You remind us that the departed are never forgotten,
the forgotten never long gone, not for very long anyway.
All returns to us at mealtimes. She visits the plum tree planted
by the hand of her great-grandmother, reads her own name
etched in brass on the back of a wedding plate loaned across
a great divide, stretches a linen sheet across the golden bed, damp,
washes her long hairs under the desert sun in a solution of iron
and indigo seeds, hangs her bathing suits to bleach on the fishing line,
loads the car with firewood and freshwater, brews hot coffee
on the road in a percolator, infused with ginger root, summer rosemary,
salt-crusts a lamb with a silver salt she scrapes off the Great Salt Flats,
collects with a nickel into a jam jar, and tastes in the dark of her mouth
the mineral bed: the bitter origins of an ancient body, each grain
a reminder of how thirst shapes a landscape, how even the earth
can be brought to rapture; how all of human history, present
and past, is demarcated by just two events: When the water came
and When the water went away. And, ever since, poetry has emerged,
like a prophet, or a divining rod, our chosen instrument for measuring
the water’s unseen depths. Whether the people remained or were
washed away, whether they still resemble the red clay of their cities,
recall the mountain they had once called home lit up by a hundred,
thousand fires, the trees around which they had tied their wishes,
the shepherd, his pockets filled with spent sulphur matches,
and the words to his strange song of catastrophe?
Will we remember the scarlet flowers which fell from the mountain
like a carpet, turnt blood-red our rooftops, the open heart of the valley,
and from which we would make a hot pink chutney,
served in a silver cup, to right all wrongs?
Or, before the déluge, how the god of one village would journey
to pay visit to the god of another, and this became the birthplace
of parades? How a wind picks up across the valley, and
from its lungs, the scent of deodar trees, the memory of cedar—
like a shadow, or lament. How we knew then, without traveling
past our own gates, which trees grew beyond our sight, casting
their shadows on the mountain’s unseen face. Beyond clock-time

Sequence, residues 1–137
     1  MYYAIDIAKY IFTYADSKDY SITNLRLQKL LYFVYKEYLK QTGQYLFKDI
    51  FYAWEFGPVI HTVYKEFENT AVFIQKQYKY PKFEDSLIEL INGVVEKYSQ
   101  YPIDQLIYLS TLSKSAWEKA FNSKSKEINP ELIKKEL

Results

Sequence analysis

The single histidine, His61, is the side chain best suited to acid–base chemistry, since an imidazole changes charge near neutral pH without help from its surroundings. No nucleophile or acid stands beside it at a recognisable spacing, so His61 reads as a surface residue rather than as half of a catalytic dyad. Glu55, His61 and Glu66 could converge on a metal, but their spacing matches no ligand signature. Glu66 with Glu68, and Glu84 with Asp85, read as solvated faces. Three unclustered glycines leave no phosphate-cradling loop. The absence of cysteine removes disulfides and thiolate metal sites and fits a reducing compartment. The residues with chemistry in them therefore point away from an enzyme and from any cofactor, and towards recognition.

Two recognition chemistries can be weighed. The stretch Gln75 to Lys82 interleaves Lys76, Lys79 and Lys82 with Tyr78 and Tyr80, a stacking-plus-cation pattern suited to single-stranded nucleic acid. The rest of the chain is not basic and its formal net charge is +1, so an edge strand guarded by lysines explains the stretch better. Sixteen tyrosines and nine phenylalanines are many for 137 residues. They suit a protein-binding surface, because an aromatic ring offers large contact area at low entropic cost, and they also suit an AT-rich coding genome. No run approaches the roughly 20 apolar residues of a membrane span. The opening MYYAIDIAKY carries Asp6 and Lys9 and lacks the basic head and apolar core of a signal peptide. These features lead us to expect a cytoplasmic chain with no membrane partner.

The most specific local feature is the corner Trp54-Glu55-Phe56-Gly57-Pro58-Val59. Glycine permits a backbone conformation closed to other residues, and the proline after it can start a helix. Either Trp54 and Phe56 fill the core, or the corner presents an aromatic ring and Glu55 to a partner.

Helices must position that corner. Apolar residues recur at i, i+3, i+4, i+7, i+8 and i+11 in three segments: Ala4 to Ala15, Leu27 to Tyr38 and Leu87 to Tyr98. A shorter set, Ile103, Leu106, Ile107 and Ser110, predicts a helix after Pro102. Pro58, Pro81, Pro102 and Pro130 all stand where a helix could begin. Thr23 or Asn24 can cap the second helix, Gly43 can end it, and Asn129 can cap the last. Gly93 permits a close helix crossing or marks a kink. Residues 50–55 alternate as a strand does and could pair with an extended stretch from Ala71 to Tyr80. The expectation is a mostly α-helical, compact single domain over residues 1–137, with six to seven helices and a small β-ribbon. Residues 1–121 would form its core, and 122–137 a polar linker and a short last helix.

or calendar-time, our lives then carried this fragrance, permeating
all things. A perfume called to mind whenever one encounters
a familiar thing in an unfamiliar way. Like the garden of white
moti flowers planted out behind the California Motel, the small petals
arranged so carefully in the cupped palm of the widowed mother,
her sari of white chiffon, her bare feet in the dark, who recalled still
their special fragrance in Bihar, took daily measure of the distance
dividing her longing and its likeness. How she washed her hands
before crushing the petals between her fingers, to share their fragrance
with a stranger, a prayer without words. Or the chai she made for us
that first night in a unknown place, served in two styrofoam cups,
and which we drank together in the dark of the aromatic garden,
savoring a bouquet of ginger, jaggery, then an unfamiliar taste—
mint leaves steeped in milk. In the long history of the world,
there are no true departures. We are all submerged in clay,
inheritors of an overly-complicated religion, wandering,
with eyes closed, the salt flats of a dried, ancient sea.
As we sleep, a fragrance wafts over the valley, of crushed mint,
flowing through our porous bodies for only a half-second
like a current, anointing us all with a scent of the world born anew.
Look for your daughters here—in your lightning fields,
in your citrus grove, on your mountaintops, in your deserted lands.
She is eating a muskmelon with a stranger in the dark, she is parked
on the side of the highway, drying red chilis on the hood of her car,
she is traveling with a nine-inch knife for slicing heirloom tomatoes,
she is finishing a plate of chilled mangoes cut by her mother’s hand
on the last day of the road trip, she is tasting the salt from your lip,
remembering the shattering of light and heat on the horizon.
She is marveling at the simultaneity of the long clock
of inheritance, all of us, sitting and snacking together,
convened, at long last, in the garden.
Tell me, now, what transpired between us
in the years we were not separated by water?
*This poem owes a profound debt of gratitude to historian-sculptor Umberto Sartori, author of What We Could Read in a Rice Field, who shared with me his theory of the geological significance of the Beas Valley in the Himalayas as the origin point of humankind when we met by chance in Manali, and whose words put a fly in my ear.
Malvika Jolly (b. 1993, Rouen) is a writer and translator. Her poetry, essays, and criticism are featured or forthcoming in Chicago magazine, Frontier Poetry, Liminal Transit Review, The Margins, MIZNA, Poetry Online, Poetry Northwest, South Side Weekly, and Violet, Indigo, Blue, Etc. She curates the New Third World, a monthly poetry reading series inspired by the Non-Aligned Movement.